Green Tea: The Eyes Have It
Eyes Can Absorb Antioxidants From Green Tea, Which May Have a Protective Effect, Researchers Say
WebMD News Archive
Feb. 18, 2010 -- Researchers say the compounds responsible for many of the health benefits of green tea are capable of penetrating the tissues of the eyes and have antioxidant activity there.
Green tea has been touted for a number of health benefits, such as fighting heart disease and cancer, thanks to its high concentration of disease-fighting antioxidants called catechins.
Researchers say catechins are among a number of antioxidants, including vitamin C, vitamin E, lutein, and zeaxanthin, thought to help protect the delicate tissues of the eye from glaucoma and other eye diseases. But until now it wasn't known if the catechins in green tea were capable of being absorbed into the tissues of the eye.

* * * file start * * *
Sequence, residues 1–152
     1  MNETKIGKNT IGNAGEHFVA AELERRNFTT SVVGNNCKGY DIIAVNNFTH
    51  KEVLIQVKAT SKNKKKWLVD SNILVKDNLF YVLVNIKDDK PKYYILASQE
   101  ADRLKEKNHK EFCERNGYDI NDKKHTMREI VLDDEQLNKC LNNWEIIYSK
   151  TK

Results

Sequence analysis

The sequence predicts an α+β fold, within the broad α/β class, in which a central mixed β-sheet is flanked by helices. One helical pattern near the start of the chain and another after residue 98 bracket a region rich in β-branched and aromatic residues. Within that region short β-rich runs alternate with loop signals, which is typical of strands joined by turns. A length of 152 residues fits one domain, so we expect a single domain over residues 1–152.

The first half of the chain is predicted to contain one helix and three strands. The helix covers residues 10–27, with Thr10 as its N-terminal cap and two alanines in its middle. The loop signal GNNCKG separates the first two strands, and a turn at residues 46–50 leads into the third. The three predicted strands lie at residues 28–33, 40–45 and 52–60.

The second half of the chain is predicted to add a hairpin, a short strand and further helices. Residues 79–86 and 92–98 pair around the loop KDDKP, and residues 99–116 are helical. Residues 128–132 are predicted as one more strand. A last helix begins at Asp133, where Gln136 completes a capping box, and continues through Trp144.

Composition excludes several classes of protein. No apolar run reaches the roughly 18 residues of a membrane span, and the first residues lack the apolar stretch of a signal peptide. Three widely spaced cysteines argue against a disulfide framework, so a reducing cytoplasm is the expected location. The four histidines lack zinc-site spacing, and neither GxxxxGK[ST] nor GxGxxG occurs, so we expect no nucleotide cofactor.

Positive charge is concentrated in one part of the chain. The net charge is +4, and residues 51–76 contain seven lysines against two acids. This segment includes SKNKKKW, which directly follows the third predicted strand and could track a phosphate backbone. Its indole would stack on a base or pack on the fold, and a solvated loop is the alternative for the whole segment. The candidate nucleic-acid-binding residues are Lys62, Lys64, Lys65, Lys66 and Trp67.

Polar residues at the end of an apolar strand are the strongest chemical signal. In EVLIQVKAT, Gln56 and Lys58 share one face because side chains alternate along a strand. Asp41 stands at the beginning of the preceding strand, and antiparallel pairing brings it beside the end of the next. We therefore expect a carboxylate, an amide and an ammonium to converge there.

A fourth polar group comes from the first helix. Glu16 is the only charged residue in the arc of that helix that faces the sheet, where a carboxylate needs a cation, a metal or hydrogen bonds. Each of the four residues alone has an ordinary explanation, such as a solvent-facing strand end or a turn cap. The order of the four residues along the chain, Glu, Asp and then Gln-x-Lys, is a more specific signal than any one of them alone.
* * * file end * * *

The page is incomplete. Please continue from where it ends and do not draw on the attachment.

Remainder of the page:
Another Health Benefit of Green Tea
In the study, published in the Journal of Agricultural and Food Chemistry, researchers fed laboratory rats green tea extract and then analyzed their eye tissues.
The results showed that different parts of the eye absorbed varying amounts of catechins. The area with the highest concentration of catechins was the retina, which is the light-sensing tissue that lines the back of the eye. The area with the least absorption of catechins was the cornea, which is the clear, outer layer of the eye.
The study also showed that a measure of antioxidant activity lasted for up to 20 hours after the drinking green tea extract.
Researcher Kai On Chu of the department of ophthalmology and visual sciences at the Chinese University of Hong Kong and colleagues say that their findings suggest that drinking green tea could be protective of the eyes. Further studies, however, will be needed to confirm a protective effect in humans.